Keywords: Domestic work; Work ethic; Work hours

Subjects: Employment; Philadelphia (Pa.)--Social conditions.

00:18:55 - Work conditions in the mills

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Partial Transcript: What was it, what was it like to work in the mills?

Segment Synopsis: Strupczewski and Van Dyke discuss work in the textile mills and the conditions they endured. They describe the monitoring by the bosses of the bathroom breaks, the attention the bosses paid to the amount of work done, and the space inside the mill. They recall specific jobs like twister, winder, and weaver.

Keywords: Mills; Quillers; Twisters; Weavers; Weaving; Winders; Work conditions; Work rules; Working conditions

Subjects: Employment

00:20:21 - Van Dyke's elopement at age 17

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Partial Transcript: I didn't work that long, I went and got married when I was 17.

Segment Synopsis: Van Dyke discloses that she eloped at age seventeen with one of her brother's friends, George. She usually hid from him in the outhouse, until one day he asked her to go for a ride with him on his motorcycle. They got engaged and ran away to marry soon after that. She states that she didn't actually love him, but got married to get away from her parents. One Saturday night she walked to Kensington Avenue, near the bridge at Trenton Avenue, where he suggested they get married. The next day she pretended to go to work, but instead they drove his motorcycle to Elkton, Maryland to elope. She recalls feeling conflicted about marrying outside of her Catholic parish. In Elkton, the Catholic priest called her parish priest, a German, who said “Leave her come home!” They decided to return home and ask for dispensation from the cardinal. She remembers getting 9 flat tires on the way back from Elkton, and had to wash their hands in gasoline. They got married by the priest, whose housekeeper loaned her a hat. When they got home her mother said she was going to get it annulled.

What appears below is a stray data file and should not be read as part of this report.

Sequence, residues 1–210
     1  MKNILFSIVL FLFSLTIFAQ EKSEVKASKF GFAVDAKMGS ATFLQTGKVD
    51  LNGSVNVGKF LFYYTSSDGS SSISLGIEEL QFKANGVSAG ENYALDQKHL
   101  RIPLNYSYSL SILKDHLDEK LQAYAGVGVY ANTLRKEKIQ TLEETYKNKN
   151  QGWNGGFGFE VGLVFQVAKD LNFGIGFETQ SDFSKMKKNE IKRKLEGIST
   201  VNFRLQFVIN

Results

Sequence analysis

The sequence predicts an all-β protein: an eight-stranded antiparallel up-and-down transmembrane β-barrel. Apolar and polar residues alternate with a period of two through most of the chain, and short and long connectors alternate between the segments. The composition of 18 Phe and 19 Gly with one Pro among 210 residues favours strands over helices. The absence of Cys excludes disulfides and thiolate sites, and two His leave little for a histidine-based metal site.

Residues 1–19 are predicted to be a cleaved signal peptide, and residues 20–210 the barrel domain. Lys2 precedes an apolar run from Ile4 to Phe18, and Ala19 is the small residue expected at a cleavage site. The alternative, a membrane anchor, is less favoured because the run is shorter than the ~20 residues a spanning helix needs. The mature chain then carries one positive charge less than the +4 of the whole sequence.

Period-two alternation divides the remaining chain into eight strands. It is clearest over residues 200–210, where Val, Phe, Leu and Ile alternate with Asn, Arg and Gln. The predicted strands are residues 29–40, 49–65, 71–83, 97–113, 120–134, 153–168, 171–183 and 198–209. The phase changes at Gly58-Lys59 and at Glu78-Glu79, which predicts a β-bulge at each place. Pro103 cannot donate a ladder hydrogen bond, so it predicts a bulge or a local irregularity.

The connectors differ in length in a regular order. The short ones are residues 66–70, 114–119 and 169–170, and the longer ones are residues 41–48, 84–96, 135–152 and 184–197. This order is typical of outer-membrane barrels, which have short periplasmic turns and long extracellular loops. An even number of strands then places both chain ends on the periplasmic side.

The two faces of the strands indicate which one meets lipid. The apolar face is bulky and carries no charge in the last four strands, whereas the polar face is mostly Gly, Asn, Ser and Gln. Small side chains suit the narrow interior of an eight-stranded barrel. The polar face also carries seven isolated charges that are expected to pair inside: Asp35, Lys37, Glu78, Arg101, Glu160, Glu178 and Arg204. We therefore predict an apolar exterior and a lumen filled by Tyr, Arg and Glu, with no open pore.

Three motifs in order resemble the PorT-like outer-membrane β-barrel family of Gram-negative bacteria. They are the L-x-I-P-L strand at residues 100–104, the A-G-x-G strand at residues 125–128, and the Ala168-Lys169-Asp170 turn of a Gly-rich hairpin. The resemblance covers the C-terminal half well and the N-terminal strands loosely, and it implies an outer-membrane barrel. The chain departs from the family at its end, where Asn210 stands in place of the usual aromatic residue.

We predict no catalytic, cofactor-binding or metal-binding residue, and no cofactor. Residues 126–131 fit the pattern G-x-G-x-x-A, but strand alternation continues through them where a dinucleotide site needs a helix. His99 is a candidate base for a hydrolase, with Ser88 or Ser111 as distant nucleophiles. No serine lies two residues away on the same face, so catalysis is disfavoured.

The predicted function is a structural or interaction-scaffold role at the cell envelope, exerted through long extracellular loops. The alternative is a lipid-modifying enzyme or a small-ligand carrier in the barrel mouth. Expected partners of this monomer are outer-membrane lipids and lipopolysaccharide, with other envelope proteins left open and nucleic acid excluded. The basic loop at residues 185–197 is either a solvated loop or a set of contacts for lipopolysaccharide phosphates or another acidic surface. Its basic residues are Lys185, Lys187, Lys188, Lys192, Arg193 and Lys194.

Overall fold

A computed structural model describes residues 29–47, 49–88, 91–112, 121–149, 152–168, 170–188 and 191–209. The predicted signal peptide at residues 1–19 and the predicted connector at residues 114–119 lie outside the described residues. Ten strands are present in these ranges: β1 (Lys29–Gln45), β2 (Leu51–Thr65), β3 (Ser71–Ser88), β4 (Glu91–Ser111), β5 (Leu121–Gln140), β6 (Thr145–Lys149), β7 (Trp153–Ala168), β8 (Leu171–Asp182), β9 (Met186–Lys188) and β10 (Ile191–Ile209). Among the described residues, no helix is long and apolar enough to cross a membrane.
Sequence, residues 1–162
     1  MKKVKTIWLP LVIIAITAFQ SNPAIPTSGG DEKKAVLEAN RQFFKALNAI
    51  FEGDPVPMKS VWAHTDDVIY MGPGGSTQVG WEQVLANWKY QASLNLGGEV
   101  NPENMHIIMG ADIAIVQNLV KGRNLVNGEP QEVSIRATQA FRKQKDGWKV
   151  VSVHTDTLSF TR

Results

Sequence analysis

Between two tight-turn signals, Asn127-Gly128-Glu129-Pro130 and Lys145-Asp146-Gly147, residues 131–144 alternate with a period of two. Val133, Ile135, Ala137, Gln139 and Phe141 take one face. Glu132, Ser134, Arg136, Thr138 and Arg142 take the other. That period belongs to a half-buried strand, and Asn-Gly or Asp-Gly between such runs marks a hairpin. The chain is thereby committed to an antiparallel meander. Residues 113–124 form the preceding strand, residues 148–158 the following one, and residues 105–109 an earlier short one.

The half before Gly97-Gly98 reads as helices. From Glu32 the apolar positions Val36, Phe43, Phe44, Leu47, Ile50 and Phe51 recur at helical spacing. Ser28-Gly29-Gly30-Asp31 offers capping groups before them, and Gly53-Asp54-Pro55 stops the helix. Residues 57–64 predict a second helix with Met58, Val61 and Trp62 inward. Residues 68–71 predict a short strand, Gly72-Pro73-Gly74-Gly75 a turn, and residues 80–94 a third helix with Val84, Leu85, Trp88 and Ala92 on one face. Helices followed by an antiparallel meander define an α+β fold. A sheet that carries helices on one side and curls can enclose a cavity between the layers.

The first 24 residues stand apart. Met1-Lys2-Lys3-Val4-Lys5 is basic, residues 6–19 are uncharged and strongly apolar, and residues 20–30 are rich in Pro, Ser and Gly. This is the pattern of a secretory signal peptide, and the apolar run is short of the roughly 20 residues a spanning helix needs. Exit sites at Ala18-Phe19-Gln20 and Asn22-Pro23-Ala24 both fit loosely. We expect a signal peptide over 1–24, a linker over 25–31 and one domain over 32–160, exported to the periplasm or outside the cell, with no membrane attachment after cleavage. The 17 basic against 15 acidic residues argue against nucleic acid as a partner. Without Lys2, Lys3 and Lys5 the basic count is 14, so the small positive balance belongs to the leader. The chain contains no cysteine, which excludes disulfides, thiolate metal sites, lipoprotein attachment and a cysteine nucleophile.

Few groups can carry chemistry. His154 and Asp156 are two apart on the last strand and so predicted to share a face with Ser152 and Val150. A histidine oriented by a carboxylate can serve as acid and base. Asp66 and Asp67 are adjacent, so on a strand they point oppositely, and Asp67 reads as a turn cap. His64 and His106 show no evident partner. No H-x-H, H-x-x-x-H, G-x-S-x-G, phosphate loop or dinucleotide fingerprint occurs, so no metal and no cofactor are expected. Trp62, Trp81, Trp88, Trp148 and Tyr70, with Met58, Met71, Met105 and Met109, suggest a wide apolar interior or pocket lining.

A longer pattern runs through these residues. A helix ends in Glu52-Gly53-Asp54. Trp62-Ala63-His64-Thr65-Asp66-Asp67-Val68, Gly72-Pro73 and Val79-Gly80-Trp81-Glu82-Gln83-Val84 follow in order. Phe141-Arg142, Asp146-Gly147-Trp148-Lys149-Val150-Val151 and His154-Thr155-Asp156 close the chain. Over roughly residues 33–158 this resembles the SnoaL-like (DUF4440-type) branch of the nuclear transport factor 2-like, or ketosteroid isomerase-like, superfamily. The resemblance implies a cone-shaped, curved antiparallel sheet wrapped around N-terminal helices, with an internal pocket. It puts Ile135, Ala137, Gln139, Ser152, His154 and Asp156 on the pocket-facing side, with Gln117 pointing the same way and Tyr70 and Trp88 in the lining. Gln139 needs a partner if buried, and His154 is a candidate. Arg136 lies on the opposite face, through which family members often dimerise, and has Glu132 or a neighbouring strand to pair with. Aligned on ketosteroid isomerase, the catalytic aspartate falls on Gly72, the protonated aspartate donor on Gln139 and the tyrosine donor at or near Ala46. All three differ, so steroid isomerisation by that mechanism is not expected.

Keywords: Allegheny Theatre; Bridge at Trenton Avenue; Catholicism; D Street; Elkton (Md.); Elkton, Maryland; Eloping; Family relations; Kensington Avenue (Philadelphia, Pa.); Relationships; Weddings

Subjects: Families.; Marriage; Philadelphia (Pa.)--Social conditions.; Philadelphia (Pa.)--Social life and customs.; Religion; Transportation

00:27:00 - Strupczewski's marriage story

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Partial Transcript: So how, um, how did you meet your husband, Elizabeth?

Segment Synopsis: Strupczewski describes getting married at age 22 to a man she knew for only four months. They married at St. Laurentius Catholic Church with a mass, which was very important to her. She met her husband, who lived in Wilmington, Delaware, at lent services at the local church. Her mother bought her a wedding dress.